Hi all - I've been reading posts, both here and on other forums, about silent classes. I have never experienced anything like that - if we want to know something, we ask the question and our sensei answers it - we could even get into a discussion on aikido philisophy on the mat. My experience seems veyr difference to the majority of other aikidoka here - but I fidn that if I cannot ask a question, I quickly get very frustrated.
Originally posted by Sid
My experience seems veyr difference to the majority of other aikidoka here - but I fidn that if I cannot ask a question, I quickly get very frustrated.
Sometimes, working with the frustration is, in itself, the lesson.
We pretty much never ask our main instructor any questions during class. He goes up, demonstrates something four to eight times (or so), and then off we go. He'll sometimes offer clarifying points to the whole class, but not always.
09-24-2001, 02:52 PM
Practice here is similar to what Jun described. You never ask the instructor a question during technique demonstration, much less ask Sensei. And, as Jun mentioned, if the instructor observes poor technique, he will frequently stop us to demonstrate again with more emphasis on certain points that are lacking. This is in addition to the normal observation and individual commentary...
I just started studying iaido, and the environment there is even more formal. Without sounding too pompous, I think my ability to observe technique and translate that into movement is slowly increasing.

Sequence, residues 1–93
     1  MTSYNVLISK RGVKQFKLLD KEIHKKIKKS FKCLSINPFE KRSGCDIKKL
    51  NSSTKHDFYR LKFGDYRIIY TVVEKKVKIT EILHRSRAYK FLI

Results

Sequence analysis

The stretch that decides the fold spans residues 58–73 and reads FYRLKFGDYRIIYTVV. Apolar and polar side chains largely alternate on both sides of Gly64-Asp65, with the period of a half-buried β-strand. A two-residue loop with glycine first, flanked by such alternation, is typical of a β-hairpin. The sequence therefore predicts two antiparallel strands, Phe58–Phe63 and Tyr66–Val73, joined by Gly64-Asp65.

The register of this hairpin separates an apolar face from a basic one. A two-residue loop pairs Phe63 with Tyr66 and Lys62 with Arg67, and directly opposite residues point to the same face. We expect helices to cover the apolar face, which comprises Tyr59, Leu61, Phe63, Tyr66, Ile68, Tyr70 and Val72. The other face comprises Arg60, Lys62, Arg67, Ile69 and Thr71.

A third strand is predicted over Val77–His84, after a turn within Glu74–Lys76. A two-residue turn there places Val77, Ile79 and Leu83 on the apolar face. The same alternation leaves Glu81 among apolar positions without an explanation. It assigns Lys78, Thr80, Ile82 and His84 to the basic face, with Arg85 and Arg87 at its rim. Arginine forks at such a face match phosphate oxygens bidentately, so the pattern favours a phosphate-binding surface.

09-24-2001, 05:38 PM
while my class is like most with the sensi demonstraing like 10 times then if he sees poor tecq then he will re deomonstrait and accually ask us if we have questions . while some here seem against the thought of asking questions i guess it just comes with how you learn.I am not applying that i am right or your wrong just differences of opioion. also think if people didnt ask osensi questions aikido would be different. it is just me thought thinking how differnt everything would be if we never asked questions
09-24-2001, 05:56 PM
Of course, no worries.
People certainly do ask questions of instructors and Sensei (in that order :) ), just not during class. Sometimes I'll do a little extra technique after class with a senior student. We also have a budo lecture every other Friday, and certainly we're expected to have questions on the topic at hand.
09-24-2001, 09:35 PM
There are times to ask questions, and times not to. If you are lost on something, feel free. Always do so in respect of the dojo rules and courtesy though, and at times this may mean to simply attempt without excess questions. Much of what is learnt in aikido is done through feeling, not words.
Some time ago, before I had even heard of aikido, I read a Yiddish proverb which has stuck with me. I think it goes well here...
"He who is afraid to ask is ashamed of learning." -- Yiddish Proverb